Wow. I cannot imagine NOT teaching my child the correct terms for his/her body parts. Since a very young age, my son has heard the words "penis" and "testicles" used properly; it not only helps him understand what is going on down there, but if there is a problem - say, someone didn't do as good a job wiping him during a diaper change - then adults know exactly where to look. Since I've had a daughter, I have noticed that it is much more difficult to teach her the correct words. Not only does it seem that there is a lot more going on down there (more parts in a smaller area), but the words themselves, sadly, seem to be more taboo. While my dad was the only one cringing when we used the word "penis", a whole host of family members recoiled when I said, "vagina". For a while we just used the blanket term "lady bits", but the more verbal she's become and the more she's asked questions, the more I've tried to give her the correct terminology. Yes, this does produce some humorous situations. When she found out that she has a "vagina", she sat there smiling, saying, "Gina! Gina! Gina!" But at least she knows. And the more she hears it now, the more comfortable she'll be with it and the less funny it'll become.
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whoknew222
I learn something new every day.
12:53 AM on 09/29/2012
As you say, the famale anatomy is somewhat more complicated and my feeling is the vagina, being inside the body and used for reproduction, not urination, would be better suited when first teaching the child after another term for the female ureter is found. Penis is easy to comprehend, vagina, not so much.
05:50 AM on 09/29/2012
And I would have pointed out the ureter if that is what she had been pointing to, but she wanted to know what the opening was below it ... her vagina. I didn't really tell her what it was, though, as she is 2 and a half and not really ready for that.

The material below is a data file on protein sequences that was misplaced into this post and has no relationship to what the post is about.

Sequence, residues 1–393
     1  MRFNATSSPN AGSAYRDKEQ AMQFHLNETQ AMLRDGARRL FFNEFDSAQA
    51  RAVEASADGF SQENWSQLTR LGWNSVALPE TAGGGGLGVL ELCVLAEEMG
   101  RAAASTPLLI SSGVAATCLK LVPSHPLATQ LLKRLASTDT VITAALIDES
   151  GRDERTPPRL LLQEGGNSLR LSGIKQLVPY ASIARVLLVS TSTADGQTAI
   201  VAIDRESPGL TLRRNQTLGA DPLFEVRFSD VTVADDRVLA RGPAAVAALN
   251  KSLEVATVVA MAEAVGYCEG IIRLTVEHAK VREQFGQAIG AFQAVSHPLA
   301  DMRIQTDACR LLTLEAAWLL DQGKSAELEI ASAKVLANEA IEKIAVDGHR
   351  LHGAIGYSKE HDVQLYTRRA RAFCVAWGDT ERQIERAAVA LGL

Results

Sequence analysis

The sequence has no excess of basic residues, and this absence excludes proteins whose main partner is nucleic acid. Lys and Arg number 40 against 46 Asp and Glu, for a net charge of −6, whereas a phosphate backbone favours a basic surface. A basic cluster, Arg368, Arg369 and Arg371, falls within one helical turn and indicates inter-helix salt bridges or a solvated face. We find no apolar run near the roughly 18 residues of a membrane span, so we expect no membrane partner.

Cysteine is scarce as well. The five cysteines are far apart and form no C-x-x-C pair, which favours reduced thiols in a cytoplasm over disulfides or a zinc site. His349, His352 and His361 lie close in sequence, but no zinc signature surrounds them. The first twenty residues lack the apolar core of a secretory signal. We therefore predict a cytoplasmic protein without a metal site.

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Jan Baer
grandparentoptions
06:53 AM on 09/28/2012
It is hilarious that adults even think they can "ban" words for young children. Words have power and using words that are "banned," if they have gotten a rise out of some adult, have even more power. We have body parts and bodily functions--those words don't have to be "charged." A friend's son was repeating bodily-parts words he had picked up at preschool on his way home one day. His mom said, "Those words are for nursery school." I loved that! However, if a very young child uses a word derogatory to someone or a group of people, I ask them what it means. Usually, they don't know. Then we talk about the word and why it is hurtful to someone and why it isn't appropriate to use with others. Then I change the subject to something about the day. That usually goes well. (Battles with little kids and big adults seem a little unfair--until you realize you have set it up but can't win!)
01:34 AM on 09/28/2012
I don't have any other than the obvious cuss word. Some words have a time and a place though.
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12:03 AM on 09/28/2012
Jesus Christmas, this Jade sounds like a right pain in the backside.

Honestly, how lazy is the notion of 'banning' certain words. How about teaching your children that there are times and situations where certain words are appropriate and other situations where they are not? Too much work I guess.
11:21 AM on 09/28/2012
Big ups to this post, WaiguoNuren! You've nailed it.
06:14 PM on 09/27/2012
Our English language is rooted in Great Britain, a nation with a long history of migration, war, and conquest. Each time it was invaded, its language was invaded as well. The ancient Celtic tribes of the British Isles were conquered by the Romans and later by the Saxon tribes of the northern continent, both of whom brought new languages with them. The Saxons were later conquered by the Normans, who regarded the tribes as uncouth barbarians with a culture and language vastly inferior to their own. Thus, Norman words soon supplanted and supplemented many of the Anglo-Saxon terms.

Belief systems were changing as well. The Catholic Church began converting people from the older Celtic and Saxon earth-based religions, with their more tolerant views of sexuality. As attitudes changed, the status of Anglo-Saxon terms for bodily parts and functions slipped from second-rate to obscene. To this day, the word penis, which comes from the Latin of the celibate clergy, is considered proper, while the Anglo-Saxon term cock is considered obscene.